- Set high expectations, but let your child go at his/her own pace, making sure to praise accomplishments along the way.
Responding to Stressful Situations
- Manage reactions to your kid’s stress. Model a calm demeanor, this will reduce the intensity of the moment. Try not to overreact. Remember how difficult adolescence can be and stay rational, calm.
- Speak in a slow, calm, tone of voice and maintain good eye contact.
Dealing with Reactions
- Remember to take time for yourself.
- Even if you’re feeling anxious, tired, or stressed, try to present a calm, united front. Teenagers take cues from parents on how to behave and react to a situation.
Reducing Stress in the Household
- Trying new things and taking risks help teenagers build confidence and develop necessary skills for their later independence.
- Encourage your child to try new things and lead by example!
- Anxious teenagers tend to want to avoid challenges.
- Encourage your child to face fears head on by suggesting small steps to accomplish toward a bigger goal
Suggestions on How to Manage Your Own Anxiety
- A child needs a parent much more than a friend. Successful parents ensure follow through on consequences, are firm and consistent in discipline, and establish clear expectations.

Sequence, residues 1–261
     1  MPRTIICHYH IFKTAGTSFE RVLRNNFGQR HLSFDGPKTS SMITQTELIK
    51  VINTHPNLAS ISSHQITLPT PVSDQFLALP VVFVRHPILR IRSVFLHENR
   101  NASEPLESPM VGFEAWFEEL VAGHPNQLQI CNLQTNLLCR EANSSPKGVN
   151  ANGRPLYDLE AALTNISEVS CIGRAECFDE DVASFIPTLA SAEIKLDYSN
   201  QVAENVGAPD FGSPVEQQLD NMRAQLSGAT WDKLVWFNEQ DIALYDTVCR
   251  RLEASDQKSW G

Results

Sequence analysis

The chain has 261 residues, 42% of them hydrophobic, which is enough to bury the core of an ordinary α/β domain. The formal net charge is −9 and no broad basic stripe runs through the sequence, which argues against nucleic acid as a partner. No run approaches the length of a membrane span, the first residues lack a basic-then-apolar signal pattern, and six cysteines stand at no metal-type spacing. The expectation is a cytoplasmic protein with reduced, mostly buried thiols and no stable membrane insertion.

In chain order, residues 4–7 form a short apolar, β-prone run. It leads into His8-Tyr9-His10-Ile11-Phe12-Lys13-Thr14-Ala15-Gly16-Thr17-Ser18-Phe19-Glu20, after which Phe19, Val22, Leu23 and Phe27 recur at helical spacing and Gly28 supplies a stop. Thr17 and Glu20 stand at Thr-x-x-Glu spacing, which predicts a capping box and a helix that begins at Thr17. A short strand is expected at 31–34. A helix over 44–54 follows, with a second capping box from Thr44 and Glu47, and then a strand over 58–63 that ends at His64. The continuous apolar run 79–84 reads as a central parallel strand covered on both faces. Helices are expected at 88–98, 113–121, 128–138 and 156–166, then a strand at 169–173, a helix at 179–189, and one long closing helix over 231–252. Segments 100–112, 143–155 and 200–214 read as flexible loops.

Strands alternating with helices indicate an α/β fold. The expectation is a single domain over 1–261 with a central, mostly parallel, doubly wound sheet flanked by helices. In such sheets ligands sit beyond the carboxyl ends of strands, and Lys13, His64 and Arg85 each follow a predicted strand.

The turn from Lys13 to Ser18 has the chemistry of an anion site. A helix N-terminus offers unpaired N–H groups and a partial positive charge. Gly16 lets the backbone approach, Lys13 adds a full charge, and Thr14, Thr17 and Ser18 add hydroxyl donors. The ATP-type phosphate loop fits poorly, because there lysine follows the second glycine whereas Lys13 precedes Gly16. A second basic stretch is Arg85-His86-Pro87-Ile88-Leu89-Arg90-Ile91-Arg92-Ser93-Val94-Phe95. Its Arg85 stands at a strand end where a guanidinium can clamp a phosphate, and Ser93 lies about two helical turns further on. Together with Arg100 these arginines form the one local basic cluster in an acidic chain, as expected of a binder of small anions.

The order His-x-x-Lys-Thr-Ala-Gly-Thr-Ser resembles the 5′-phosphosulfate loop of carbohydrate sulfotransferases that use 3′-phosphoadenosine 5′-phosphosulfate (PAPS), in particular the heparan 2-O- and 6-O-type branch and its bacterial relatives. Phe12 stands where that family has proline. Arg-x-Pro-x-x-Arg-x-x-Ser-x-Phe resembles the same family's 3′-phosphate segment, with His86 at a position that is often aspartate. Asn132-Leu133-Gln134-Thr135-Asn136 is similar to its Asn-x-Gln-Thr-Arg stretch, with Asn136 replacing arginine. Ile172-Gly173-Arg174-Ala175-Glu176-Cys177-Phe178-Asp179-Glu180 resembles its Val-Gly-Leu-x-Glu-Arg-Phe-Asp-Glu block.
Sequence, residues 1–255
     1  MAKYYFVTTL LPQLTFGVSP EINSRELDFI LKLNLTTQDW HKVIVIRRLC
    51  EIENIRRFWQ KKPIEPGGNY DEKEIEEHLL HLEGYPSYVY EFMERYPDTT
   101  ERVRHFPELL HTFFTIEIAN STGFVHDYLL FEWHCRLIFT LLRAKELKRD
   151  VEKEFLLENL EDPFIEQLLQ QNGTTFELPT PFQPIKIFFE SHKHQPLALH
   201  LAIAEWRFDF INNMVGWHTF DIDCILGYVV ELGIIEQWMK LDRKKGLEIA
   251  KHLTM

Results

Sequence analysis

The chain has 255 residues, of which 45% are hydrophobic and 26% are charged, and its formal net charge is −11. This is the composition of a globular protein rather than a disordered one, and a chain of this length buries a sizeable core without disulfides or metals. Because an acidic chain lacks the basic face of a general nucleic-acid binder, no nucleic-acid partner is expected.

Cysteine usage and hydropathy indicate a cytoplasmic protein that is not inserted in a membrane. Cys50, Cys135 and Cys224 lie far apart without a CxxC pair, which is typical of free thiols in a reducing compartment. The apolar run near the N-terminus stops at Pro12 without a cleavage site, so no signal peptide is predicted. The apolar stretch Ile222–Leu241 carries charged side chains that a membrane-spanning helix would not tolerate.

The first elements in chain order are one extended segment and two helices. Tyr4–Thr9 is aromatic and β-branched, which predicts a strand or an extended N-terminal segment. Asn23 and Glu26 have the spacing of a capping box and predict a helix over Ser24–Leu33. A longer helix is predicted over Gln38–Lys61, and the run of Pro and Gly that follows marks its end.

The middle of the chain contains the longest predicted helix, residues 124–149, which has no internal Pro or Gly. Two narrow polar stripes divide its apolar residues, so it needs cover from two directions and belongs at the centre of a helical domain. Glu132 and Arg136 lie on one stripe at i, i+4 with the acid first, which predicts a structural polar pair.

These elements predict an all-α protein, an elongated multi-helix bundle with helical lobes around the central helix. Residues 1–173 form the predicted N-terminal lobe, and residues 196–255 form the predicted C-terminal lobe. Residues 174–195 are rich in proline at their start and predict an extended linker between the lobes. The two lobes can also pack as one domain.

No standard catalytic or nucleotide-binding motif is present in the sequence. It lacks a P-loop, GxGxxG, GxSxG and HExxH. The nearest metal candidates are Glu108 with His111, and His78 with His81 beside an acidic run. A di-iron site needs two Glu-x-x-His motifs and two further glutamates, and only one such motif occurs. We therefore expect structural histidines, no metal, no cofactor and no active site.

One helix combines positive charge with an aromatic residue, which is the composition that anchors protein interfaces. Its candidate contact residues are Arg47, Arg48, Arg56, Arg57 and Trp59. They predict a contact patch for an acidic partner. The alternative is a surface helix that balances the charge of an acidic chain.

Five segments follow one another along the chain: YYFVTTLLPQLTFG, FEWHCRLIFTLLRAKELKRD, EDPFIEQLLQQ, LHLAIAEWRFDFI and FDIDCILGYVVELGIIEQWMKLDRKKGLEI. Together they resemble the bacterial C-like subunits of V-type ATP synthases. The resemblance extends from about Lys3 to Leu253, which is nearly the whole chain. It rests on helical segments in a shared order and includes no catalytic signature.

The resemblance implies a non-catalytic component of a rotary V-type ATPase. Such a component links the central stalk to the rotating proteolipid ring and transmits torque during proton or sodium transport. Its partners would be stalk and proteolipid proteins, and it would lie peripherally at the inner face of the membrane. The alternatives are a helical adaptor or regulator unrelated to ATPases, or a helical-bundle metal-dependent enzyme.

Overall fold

Make room for mistakes
- Failure is a natural part of adolescence and growing up. If something doesn’t go well for the child, it doesn’t mean you have failed. Rather, watch for ways to turn mistakes into teaching moments. Help your teen develop the ability to learn from mistakes.
The Benefits of Learning the Hard Way
Parent’s feel a visceral drive to protect their children. They do not want them to suffer, HOWEVER, parent’s tend to look upon their kin as being far more fragile than they actually are.
- However, the experience of overcoming a challenge, solving a problem, or standing against hardship was an invaluable part of your life, and will be just as crucial In your child’s life. Avoid answering every question, solving every problem, worrying every conflict.
- All teens need the opportunity to discover their own resiliency.
Five Beliefs That Make It Impossible For Parents To Let Go Of Their Anxiety
1. Fear of asking for help
- Successful parents don’t necessarily depend on others, but great parents are always willing to help out one another.